Dodonaea viscosa

Sticky Hop Bush

Family: Sapindaceae

Dodonaea viscosa, the Sticky Hop Bush, is a tall multi-stemmed shrub reaching a height of four metres. The leaves are linear, sticky with a margin that may be entire, slightly wavy and slightly toothed.

Male and female flowers are held on different plants. The male flowers are insignificant whilst the females develop into 3-winged capsules. If fertilised a hard-coated seed is held at the base of each wing. If not fertilised the capsules develop but without seeds.

Spring is the flowering period. At this time, although they are insignificant, the male flowers sometimes attract honey bees in large numbers.

Dodonaea viscosa is separated into seven sub species. Although the subspecies have some botanical differences, horticulturally they are similar.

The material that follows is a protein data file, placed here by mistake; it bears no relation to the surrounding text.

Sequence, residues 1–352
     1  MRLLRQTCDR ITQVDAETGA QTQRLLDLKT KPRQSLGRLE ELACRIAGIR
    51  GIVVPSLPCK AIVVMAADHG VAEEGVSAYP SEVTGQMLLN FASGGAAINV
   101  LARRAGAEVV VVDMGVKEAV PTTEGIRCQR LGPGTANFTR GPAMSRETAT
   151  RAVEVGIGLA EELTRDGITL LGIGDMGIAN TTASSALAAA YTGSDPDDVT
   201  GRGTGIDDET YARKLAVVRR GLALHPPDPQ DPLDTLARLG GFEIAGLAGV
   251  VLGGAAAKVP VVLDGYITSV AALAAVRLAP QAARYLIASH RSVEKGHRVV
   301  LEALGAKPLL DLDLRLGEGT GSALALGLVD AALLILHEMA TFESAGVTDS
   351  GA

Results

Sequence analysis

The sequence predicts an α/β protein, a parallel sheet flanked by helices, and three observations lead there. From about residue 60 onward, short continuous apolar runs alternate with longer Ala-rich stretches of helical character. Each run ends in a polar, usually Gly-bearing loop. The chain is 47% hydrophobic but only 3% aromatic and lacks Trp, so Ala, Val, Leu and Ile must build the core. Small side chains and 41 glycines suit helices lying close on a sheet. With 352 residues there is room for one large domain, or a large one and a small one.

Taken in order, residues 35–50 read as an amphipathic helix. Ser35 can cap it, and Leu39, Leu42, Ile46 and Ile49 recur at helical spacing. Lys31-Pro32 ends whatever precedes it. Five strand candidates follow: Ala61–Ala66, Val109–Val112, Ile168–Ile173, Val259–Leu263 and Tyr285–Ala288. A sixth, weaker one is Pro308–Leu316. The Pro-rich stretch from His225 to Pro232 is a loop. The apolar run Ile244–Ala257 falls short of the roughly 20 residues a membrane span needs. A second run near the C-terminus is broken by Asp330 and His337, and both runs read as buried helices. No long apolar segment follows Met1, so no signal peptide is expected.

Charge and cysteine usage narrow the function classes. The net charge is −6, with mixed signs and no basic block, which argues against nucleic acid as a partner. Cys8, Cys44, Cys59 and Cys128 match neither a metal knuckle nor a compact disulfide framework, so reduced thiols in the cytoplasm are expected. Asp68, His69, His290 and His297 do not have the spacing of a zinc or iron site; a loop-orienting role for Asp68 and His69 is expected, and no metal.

D. viscosa is a widespread species and is found throughout Australia including Lord Howe Island.

D. viscosa was used by Aboriginal people to treat toothache, cuts and stingray stings. Dodonaeas were also used by early settlers to make beer (hence the common name).

In the garden

The Sticky Hop Bush has attractive foliage and fruits. In fact many Hop Bushes have horticultural potential but unfortunately very few species are in general cultivation.


Propagate from seed or cuttings. Seed should be soaked in boiling water before sowing. We have found that cuttings take root rapidly. Propagating cuttings from female plants will ensure that you will have the attractive capsules.

Other information

The genus is named after Rembert Dodoens, a 16th century Flemish botanist.

By Warren and Gloria Sheather